New Delhi: The finance ministry has asked the states to electronically transfer salaries to employees and payments to beneficiaries of welfare schemes, in an effort aimed at reducing transaction costs, ensuring that the money reaches the people it is meant for (in the case of welfare programmes), and utilizing accounts opened by customers in rural areas that otherwise do not see too much activity.

Currently, each state, and each department within the state, could be using a different mode of payment. Finance minister Pranab Mukherjee, bankers and the chief ministers of some states discussed the issue at a meeting last month.

Farmers looking at a list displayed outside a rural branch of SBI. Photo: Mint

Only 5% of the 600,000 villages, towns and cities in India have a bank branch, and only 40% of the country’s population has access to a bank account, according to the Reserve Bank of India (RBI). As part of its financial inclusion (providing banking and other financial services to the unbanked) road map, RBI has asked banks to cover 73,000 villages with population of at least 2,000 by the end of this fiscal. The ensuing action by banks has resulted in several million new accounts being opened, but many of these see no action. The finance ministry’s plan could address that issue, too.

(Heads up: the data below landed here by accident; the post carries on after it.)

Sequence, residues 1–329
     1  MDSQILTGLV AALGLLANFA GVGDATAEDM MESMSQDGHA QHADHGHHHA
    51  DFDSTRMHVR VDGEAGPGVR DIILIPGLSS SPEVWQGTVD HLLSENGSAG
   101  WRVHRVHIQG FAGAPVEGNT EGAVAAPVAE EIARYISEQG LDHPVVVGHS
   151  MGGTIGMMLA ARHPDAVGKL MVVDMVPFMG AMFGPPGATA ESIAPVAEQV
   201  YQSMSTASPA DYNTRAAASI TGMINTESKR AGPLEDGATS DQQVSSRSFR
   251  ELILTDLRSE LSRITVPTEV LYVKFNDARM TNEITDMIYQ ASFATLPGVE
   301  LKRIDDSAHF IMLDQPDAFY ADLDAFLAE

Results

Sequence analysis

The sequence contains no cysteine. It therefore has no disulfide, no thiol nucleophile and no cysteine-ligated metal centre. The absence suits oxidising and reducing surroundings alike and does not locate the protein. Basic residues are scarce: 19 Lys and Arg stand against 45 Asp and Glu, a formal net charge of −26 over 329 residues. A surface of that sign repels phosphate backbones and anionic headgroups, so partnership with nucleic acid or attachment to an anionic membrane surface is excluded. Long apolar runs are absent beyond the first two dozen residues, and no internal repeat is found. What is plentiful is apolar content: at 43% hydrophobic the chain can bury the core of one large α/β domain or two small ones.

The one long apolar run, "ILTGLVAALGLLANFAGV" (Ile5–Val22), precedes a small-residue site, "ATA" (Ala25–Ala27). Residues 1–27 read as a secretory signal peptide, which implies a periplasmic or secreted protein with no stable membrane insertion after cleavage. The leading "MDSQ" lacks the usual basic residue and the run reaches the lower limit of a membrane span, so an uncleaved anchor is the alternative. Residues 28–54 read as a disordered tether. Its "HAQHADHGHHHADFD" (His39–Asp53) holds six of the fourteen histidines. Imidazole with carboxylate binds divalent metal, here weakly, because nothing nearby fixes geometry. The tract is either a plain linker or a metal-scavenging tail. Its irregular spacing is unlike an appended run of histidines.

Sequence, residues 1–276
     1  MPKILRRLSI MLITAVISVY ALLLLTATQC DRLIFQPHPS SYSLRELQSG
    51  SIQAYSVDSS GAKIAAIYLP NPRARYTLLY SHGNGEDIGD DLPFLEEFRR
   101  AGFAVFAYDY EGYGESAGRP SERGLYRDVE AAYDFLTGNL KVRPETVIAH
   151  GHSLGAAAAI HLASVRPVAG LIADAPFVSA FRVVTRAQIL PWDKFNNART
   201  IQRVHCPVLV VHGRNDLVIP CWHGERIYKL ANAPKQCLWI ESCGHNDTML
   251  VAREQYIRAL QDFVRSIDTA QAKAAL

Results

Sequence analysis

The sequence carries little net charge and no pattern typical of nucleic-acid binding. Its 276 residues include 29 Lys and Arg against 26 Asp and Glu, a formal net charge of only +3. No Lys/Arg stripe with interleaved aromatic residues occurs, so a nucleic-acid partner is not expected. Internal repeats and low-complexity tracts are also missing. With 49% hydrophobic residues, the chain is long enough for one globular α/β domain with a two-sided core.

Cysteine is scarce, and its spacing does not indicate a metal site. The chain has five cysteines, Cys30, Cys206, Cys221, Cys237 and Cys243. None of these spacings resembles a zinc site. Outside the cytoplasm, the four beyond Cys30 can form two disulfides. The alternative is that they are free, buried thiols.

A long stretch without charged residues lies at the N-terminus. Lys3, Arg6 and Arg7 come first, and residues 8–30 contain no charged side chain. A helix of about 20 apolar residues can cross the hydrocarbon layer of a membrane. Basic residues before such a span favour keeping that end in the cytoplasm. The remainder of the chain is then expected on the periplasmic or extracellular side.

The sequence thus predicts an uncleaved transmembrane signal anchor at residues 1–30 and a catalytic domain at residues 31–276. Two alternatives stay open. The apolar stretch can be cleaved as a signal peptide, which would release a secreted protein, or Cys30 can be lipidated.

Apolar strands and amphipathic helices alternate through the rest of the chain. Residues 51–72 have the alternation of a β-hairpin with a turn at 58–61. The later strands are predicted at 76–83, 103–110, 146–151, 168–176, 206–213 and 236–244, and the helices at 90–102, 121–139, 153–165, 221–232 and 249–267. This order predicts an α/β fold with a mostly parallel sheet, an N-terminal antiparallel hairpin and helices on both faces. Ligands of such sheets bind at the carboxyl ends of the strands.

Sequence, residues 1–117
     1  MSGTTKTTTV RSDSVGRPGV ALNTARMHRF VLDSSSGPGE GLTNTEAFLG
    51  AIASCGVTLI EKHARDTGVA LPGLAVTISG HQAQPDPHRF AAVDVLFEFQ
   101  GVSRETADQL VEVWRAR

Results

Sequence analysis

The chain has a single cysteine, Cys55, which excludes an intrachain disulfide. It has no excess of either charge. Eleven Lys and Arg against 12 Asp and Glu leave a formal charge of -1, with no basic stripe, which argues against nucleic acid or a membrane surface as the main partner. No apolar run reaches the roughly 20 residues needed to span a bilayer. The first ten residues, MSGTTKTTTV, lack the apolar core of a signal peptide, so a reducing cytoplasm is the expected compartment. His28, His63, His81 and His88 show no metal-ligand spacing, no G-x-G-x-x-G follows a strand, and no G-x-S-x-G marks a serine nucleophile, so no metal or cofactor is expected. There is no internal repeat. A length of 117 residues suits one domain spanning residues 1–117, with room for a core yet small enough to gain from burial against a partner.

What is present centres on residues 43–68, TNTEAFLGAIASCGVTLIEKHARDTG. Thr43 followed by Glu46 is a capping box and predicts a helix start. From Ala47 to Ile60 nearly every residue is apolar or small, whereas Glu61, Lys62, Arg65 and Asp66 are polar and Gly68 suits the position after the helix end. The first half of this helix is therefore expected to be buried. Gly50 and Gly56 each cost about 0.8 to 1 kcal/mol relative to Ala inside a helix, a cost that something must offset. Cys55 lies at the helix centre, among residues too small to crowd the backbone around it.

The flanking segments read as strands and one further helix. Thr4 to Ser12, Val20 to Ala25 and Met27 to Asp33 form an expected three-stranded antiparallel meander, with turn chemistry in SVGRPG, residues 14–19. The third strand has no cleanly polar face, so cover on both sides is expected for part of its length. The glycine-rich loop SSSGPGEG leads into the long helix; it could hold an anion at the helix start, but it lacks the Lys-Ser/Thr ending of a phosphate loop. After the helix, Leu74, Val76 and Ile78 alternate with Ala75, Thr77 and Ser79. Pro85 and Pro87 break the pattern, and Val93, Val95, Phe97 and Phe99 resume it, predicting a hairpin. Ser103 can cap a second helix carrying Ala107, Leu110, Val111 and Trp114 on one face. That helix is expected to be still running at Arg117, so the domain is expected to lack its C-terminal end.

“Banks are using significant resources to open accounts in far-flung areas using banking correspondents. We are noticing that a large number of such accounts do not have any transactions. What is the use of these accounts if there are not being used?" the finance ministry official said. “Now, the link between the beneficiary and the bank has been established. It’s now a question of only linking the government department and the banks."

A banker familiar with the ministry’s plan said the move would also increase efficiency.

“Government departments will have to make a list of the beneficiaries, the names of their banks and their account numbers, and pass this on to the banks. Once this list is made, the government departments will have to just issue an advisory to banks every time they want to release payments to the beneficiaries," said an executive director at a state-owned bank, who did not want to be identified. “The whole collection of data is a one-time exercise. This will save a lot of time and effort."